The way Hamid described and portrayed the relationship between Nadia and Saeed was tender and yet sad. These two individuals met so young and experienced so much loss together, it makes me wonder if they ever had a chance at surviving it together. The way he captures the growing divide between them is wonderfully written and heartbreaking. I found the ending to be a good match for the rest of the book - they leave it open for the possibility of a rekindling and yet the reader knows this is tenuous. Thoroughly enjoyed reading this one!
I could not agree with you more. For the first 2/3 of the book, I was experiencing outrage. I was so angry about the injustice and abuse of power occurring across multiple levels of the law. And then, that last section. It broke my heart to learn about how the Osage community is still experiencing consequences from these murders that occurred decades ago. The stories of individuals who lost their grandparents or witnesses their parents' suffering was hard to reconcile. Sadly, the Osage Indians will never get the justice they deserve, but Grann does a good job trying to fill some of this void. Knowledge is power. I am left unsure of what to do with this newfound knowledge, other than to feel anger. This book is a powerhouse.
This book was WOW. Eye-opening, heart-breaking, outrageous, chilling. Grann certainly did his research when he crafted this thoughtful reconstruction of a horrific series of murders within the Osage tribe. The deep seeded corruption amongst law enforcement, government officials, and local citizens is nearly unbelievable. After finishing this book, it was hard to unpack everything that had happened, and it is almost too horrific to believe. I usually pick fiction novels but am so grateful that I chose something different this month. I further appreciated the thoughtfulness and care that the author put into writing this account - In fact, he felt much more committed and ethical than the other non-fiction writer that I read this year (A Stranger in the Woods). I have been hearing about this book through news outlets and book lists, and it is certainly at the top of my list this year. I believe this book will haunt me for a long time. If you did not pick this one, I highly encourage you to add it to your cart next month.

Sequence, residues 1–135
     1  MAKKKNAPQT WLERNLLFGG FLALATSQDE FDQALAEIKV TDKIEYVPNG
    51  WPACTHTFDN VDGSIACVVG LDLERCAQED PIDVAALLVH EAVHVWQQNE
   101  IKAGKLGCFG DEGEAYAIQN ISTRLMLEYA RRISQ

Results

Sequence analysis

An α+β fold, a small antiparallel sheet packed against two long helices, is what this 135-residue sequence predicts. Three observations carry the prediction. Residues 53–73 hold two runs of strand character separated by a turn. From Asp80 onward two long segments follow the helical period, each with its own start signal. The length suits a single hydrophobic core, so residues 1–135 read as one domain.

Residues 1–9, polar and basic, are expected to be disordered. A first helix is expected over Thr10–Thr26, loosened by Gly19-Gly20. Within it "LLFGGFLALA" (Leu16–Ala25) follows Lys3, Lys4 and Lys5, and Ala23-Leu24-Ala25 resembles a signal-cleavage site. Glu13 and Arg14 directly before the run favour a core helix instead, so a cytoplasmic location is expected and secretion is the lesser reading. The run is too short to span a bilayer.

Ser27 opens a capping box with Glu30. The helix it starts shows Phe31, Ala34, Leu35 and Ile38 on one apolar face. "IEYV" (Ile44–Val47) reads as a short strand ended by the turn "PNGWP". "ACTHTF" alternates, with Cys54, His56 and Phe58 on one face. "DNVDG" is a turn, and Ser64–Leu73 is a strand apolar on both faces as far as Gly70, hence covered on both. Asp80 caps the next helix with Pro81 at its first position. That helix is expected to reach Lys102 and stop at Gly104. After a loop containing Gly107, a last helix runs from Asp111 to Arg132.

Frankie J, I agree with your sentiments. Flawed characters are realistic and relatable and heartbreaking. (My favorite book of all time is My Little Life - it was gut-wrenching and horrible, but beautifully written). Ava, however, was flawed, incredibly selfish, rude, and pretentious. I'm not sure why I detested her so much, but I really did not like her as the narrator. As I read the book, I felt conflicted feelings about Zelda. She certainly seemed to get the "shaft" in her family, but then there was the whole affair with Wyatt that made me dislike her. In general, no one in this family was good to the others and yet, everyone expected the others to forgive their sins.